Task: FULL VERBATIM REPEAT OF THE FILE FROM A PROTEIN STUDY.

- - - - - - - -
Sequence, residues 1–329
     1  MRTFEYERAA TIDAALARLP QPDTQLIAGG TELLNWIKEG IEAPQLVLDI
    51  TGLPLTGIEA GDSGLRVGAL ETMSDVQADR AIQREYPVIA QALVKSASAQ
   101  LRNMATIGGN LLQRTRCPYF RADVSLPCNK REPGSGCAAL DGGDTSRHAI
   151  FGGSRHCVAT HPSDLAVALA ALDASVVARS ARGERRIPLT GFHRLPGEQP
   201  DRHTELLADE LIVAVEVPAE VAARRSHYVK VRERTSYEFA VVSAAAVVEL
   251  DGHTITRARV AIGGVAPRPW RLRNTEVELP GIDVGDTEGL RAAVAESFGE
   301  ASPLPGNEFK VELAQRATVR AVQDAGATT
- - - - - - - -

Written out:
Sequence, residues 1–329
     1  MRTFEYERAA TIDAALARLP QPDTQLIAGG TELLNWIKEG IEAPQLVLDI
    51  TGLPLTGIEA GDSGLRVGAL ETMSDVQADR AIQREYPVIA QALVKSASAQ
   101  LRNMATIGGN LLQRTRCPYF RADVSLPCNK REPGSGCAAL DGGDTSRHAI
   151  FGGSRHCVAT HPSDLAVALA ALDASVVARS ARGERRIPLT GFHRLPGEQP
   201  DRHTELLADE LIVAVEVPAE VAARRSHYVK VRERTSYEFA VVSAAAVVEL
   251  DGHTITRARV AIGGVAPRPW RLRNTEVELP GIDVGDTEGL RAAVAESFGE
   301  ASPLPGNEFK VELAQRATVR AVQDAGATT